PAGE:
Carvers' Companion
WOM Home
Back Issues


Notes From The 'Net

By Doug Evans, With Loren Woodard

Howdy all !!  It’s been awhile but lots of good stuff going on. In this issue we will talk about how many carvers have a business plan.  Our editor-in-chief Matt Kelley posed this question and it stirred about some good discussion. Let’s cover some of the highlights.

Matt asked: How many had a formal (note- formal) business plan, and if the carver responding was :

  • A professional carver(all or most income comes from carving)
  • A semi-professional( earns less than 50% from carving)(Note- not a person who drives an 18 wheeler while carving)
  • A serious hobby carver who sells a piece here and there

Our first response was from Byron Kinnaman who told us that he and his wife had used business plans in the past for freelance writing and a consulting service.  Looking at retirement and income Byron stated that they would be developing a plan to include some carving income. He felt marketing was going to be his biggest problem. Pricing could/would be a challenge also as there is no agreed upon standard to work with.
Doug Evans (that’s me ) then chirped in that a business plan has many definitions in the business world. I have seen 2 page and 100 page plans. The direction the business will take and how to achieve profits are the top 2 issues to explore and explain.

Shy little Joe Dillett gave a great summary on how he retired from electrical engineering and maintained his life style- plus when he went into the BUSINESS of woodcarving.  Joe states that having a business plan was the key to his success. The plan helped him keep focused, maintain discipline and structure. Joe was active in teaching business plans for the SEA (Self Employment in the Arts). Key elements in a business plan are:

  • A mission statement
  • Goals
  • A budget
  • Defining business operations
  • Planned review dates of the business plan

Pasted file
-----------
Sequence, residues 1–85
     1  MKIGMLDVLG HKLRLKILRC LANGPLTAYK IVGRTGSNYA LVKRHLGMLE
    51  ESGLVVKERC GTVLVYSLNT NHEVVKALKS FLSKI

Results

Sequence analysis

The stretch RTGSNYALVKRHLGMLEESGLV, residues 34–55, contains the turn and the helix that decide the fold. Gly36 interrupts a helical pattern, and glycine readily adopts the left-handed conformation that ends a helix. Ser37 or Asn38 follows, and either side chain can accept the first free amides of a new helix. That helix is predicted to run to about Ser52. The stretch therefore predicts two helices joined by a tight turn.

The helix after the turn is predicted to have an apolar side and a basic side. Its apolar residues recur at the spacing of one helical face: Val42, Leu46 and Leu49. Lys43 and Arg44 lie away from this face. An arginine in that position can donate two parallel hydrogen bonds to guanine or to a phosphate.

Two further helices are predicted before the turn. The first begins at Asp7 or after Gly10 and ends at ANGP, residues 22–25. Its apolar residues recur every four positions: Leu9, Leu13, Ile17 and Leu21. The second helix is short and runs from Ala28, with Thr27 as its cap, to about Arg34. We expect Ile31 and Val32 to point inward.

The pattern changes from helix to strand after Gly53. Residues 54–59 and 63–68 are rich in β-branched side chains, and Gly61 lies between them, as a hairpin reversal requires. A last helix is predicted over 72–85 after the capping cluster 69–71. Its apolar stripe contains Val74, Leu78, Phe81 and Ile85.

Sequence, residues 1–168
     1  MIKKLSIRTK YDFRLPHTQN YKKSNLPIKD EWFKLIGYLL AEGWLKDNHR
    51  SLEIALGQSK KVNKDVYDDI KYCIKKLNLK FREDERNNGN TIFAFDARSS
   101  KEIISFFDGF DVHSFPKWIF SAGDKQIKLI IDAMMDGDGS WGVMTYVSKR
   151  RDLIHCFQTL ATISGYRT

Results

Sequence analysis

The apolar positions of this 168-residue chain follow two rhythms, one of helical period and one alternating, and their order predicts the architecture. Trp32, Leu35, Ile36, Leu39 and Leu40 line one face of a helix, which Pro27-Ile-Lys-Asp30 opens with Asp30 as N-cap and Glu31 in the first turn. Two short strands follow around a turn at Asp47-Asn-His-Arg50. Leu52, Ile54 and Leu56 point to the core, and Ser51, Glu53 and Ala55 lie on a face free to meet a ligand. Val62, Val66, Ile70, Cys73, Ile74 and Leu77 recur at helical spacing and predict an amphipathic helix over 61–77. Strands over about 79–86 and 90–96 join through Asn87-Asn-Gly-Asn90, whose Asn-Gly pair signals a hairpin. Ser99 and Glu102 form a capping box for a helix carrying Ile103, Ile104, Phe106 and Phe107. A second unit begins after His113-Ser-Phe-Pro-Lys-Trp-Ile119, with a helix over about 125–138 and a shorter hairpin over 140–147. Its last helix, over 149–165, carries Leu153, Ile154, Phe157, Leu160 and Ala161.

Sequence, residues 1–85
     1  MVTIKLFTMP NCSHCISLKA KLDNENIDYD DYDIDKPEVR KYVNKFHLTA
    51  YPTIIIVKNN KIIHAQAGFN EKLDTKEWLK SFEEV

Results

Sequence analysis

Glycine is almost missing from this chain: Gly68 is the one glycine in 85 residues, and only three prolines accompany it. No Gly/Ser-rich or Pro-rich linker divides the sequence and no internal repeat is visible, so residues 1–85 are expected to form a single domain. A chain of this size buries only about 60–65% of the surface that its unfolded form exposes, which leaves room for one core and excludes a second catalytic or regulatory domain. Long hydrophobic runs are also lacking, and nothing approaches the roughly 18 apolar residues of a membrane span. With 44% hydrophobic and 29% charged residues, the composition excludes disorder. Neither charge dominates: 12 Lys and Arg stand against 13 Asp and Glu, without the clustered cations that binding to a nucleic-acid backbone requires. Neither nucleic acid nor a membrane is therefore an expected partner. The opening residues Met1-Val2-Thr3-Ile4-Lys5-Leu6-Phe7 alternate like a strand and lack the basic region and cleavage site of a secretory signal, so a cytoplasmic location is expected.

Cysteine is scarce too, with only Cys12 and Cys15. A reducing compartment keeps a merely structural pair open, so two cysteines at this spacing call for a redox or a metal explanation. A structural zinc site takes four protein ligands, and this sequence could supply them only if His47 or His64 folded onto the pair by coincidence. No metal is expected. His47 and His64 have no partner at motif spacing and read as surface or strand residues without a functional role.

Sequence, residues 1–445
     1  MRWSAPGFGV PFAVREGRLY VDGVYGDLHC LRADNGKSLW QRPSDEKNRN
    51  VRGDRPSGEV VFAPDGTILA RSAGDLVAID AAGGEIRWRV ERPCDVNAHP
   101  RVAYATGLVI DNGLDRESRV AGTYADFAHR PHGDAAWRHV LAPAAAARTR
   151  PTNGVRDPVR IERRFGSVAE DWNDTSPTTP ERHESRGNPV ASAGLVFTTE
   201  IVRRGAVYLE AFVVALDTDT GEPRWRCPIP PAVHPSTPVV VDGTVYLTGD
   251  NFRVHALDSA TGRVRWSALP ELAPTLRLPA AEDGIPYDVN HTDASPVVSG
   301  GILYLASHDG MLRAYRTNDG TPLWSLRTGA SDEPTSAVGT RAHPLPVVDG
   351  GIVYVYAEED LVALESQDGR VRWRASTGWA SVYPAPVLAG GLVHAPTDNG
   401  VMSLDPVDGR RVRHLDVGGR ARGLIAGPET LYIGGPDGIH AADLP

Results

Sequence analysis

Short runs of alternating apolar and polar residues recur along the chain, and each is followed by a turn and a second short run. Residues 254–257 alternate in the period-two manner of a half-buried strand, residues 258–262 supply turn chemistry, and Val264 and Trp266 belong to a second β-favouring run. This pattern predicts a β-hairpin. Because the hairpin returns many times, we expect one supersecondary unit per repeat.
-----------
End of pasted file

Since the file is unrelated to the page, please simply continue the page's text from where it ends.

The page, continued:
• Planning  to keep “fun” in the big picture

Steve Nordhauser added that he wouldn’t consider starting something without a rough business plan unless you intend to keep it as a hobby and don’t care about profits or costs. Steve gave a long laundry list of items to consider but here are just a few:

  • What I want to sell ?
  • What will I sell it for ?
  • Who will want to buy it ?
  • Start up costs
  • Time commitment
  • List of risks
  • 1 and 3 year goals

Ivan Whillock adds the fact that “artistic value” is in the eye of the beholder. Therefore, there is no hard and fast rules for pricing. You need to develop a “don’t insult me” rule as you price your carvings. As an artist , you don’t inherit a price value for your work but you create it through  exposure and marketing. Ivan also recommends to purchase a book or two on the business of art. One he mentions is “This Business of Art” by Diane Cochrane
I know I was a little long winded but there was SO MUCH great information shared, I wanted to be sure you didn’t miss a thing !!

Take care and God Bless !!

Doug Evans

StaffPlease take some time and check out the wood carving lists on the Internet. There is a lot of knowledge free for the asking on all of the list serves.

For information regarding the various email lists for woodcarvers, visit The Carvers' Companion Resource Files, or click the links below.


Woodcarver's List - Woodcarving Fun -- Knotholes List - Fishcarving List2 -- House of Woodcarving

Editor's Note: Disclaimers and Cautions

  • Endorsements of products mentioned by contributors to this article should not be construed as endorsements by either the editor of this article or Woodcarver Online Magazine, unless specifically so noted.
  • Advice and opinions expressed in this article are those of the original poster named therein; when in doubt seek additional professional advice.
  • Woodcarving and shop work are potentially hazardous activities and should be undertaken only with safety a constant and primary consideration. Electrical, mechanical and other modifications in your work area should always comply with local and state codes and requirements.


Copyright 2009, All rights reserved. May not be reproduced in whole or in part without prior written permission.